With hot weather coming, DC gives residents more access to spray parks

The D.C. region is bracing for some extremely hot weather next week, with temperatures above 95 degrees expected multiple days in a row.

Clint Osborn, acting director of the D.C. Homeland Security and Emergency Management Agency, is reminding residents about places they may want to go to cool off.

“We have 128 cooling centers, and that’s a combination of rec centers, libraries and senior centers,” Osborn said. Pools and spray parks are also part of that list.

An interactive map of cooling center locations shared by the D.C. Homeland Security and Emergency Management Agency. (Courtesy DCHSEMS via ArcGIS)

In preparing for the heat, D.C. decided to loosen the hours at spray parks.

They have been moved from being open only on weekends to being open every day, which wasn’t scheduled to happen until later this month.

“Water comes up from the ground and comes back down, so it’s a great way to cool off,” Osborn said. “Kids tend to use them, but it’s a great way to cool off for anybody.”

Outdoor swimming pools are on a weekend-only schedule until Monday, June 24, when they will be switched to being open six days a week.

Osborn encouraged all residents to take care of themselves, check on seniors and other vulnerable neighbors, and keep an eye out for pets that may be left out in the heat. Periods of high heat and humidity can cause medical problems such as heat exhaustion and stroke.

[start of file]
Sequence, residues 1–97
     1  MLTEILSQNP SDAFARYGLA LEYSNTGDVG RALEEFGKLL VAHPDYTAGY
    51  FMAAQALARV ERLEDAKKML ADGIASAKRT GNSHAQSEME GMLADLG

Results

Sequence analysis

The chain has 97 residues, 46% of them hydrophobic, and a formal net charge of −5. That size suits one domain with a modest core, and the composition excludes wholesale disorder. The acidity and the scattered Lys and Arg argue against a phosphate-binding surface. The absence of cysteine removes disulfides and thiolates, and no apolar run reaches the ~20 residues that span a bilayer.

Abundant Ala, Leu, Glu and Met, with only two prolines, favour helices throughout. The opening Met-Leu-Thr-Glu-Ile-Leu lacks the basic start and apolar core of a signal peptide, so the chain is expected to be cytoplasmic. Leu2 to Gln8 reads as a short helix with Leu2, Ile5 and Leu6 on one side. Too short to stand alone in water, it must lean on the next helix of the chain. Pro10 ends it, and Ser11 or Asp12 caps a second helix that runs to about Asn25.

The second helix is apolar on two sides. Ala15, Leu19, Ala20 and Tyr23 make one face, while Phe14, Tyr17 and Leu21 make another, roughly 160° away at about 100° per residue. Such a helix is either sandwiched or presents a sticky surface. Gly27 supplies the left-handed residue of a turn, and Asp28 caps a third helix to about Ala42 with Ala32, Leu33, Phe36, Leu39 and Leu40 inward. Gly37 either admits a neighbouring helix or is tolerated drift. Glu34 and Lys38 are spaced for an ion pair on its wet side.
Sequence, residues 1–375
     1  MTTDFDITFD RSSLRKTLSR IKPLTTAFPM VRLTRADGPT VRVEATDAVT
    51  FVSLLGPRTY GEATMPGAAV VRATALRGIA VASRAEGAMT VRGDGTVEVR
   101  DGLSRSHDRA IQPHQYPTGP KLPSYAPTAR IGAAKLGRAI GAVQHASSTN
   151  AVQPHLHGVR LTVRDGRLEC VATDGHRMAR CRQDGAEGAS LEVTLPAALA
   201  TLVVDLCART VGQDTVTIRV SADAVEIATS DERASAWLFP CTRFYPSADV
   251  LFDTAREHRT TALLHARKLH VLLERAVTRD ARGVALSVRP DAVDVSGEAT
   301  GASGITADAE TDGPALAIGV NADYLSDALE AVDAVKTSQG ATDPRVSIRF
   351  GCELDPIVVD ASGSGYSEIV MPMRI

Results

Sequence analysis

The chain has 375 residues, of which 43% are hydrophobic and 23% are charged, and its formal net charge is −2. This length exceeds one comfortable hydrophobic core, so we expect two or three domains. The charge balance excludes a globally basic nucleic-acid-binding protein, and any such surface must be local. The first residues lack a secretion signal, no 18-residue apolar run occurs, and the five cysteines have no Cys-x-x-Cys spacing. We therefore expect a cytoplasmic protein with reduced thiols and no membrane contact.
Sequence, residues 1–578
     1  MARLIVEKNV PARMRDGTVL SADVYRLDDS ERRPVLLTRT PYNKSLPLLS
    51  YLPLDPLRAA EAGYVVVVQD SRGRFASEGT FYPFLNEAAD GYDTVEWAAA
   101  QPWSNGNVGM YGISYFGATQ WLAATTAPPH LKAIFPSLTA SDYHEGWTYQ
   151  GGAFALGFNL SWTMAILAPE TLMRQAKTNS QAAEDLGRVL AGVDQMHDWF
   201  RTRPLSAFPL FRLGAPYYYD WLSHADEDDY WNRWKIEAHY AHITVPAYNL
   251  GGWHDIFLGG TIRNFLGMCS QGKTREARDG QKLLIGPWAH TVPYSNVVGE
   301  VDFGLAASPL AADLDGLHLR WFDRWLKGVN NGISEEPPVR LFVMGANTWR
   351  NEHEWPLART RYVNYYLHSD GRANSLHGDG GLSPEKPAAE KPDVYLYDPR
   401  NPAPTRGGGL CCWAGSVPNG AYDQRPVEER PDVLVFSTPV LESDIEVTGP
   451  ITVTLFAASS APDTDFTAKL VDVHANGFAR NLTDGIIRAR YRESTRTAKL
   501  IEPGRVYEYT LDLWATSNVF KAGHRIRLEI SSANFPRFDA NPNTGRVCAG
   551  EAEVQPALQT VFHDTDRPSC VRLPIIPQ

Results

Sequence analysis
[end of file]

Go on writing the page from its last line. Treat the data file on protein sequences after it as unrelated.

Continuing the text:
The potential start of volatile summer weather

There’s an 85% chance that the Atlantic hurricane season will be above average in storm activity, the National Oceanic and Atmospheric Administration announced last month.

The weather agency predicted between 17 and 25 named storms will brew up this summer and fall, with 8 to 13 achieving hurricane status (at least 75 mph sustained winds) and four to seven of them becoming major hurricanes, with at least 111 mph winds.

An average Atlantic hurricane season produces 14 named storms, seven of them hurricanes and three major hurricanes.

“This season is looking to be an extraordinary one in a number of ways,” NOAA administrator Rick Spinrad said.

He said this forecast is the busiest in the 25 years that NOAA has been issuing in May.

7News First Alert Forecast

SATURDAY: Sunny skies. Highs in the lower to middle 80s.
Winds: North 5-15 mph

SATURDAY NIGHT: Clear skies. Lows in the 60s.
Winds: Northeast 5-10 mph

FATHER’S DAY SUNDAY: Mostly sunny. Highs in the middle 70s to lower 80s.
Winds: Northeast 5-15 mph

MONDAY: Hot. Highs in the lower to middle 90s.
Winds: South 5-10 mph

TUESDAY: Hotter than Monday. Highs in the lower to middle 90s, with a heat index between 95 and 100.
Winds: North 5-10 mph

Current weather

The Associated Press contributed to this report.

Get breaking news and daily headlines delivered to your email inbox by signing up here.

© 2024 WTOP. All Rights Reserved. This website is not intended for users located within the European Economic Area.

Nick Iannelli

Nick Iannelli can be heard covering developing and breaking news stories on WTOP.

Federal News Network Logo
Log in to your WTOP account for notifications and alerts customized for you.

Sign up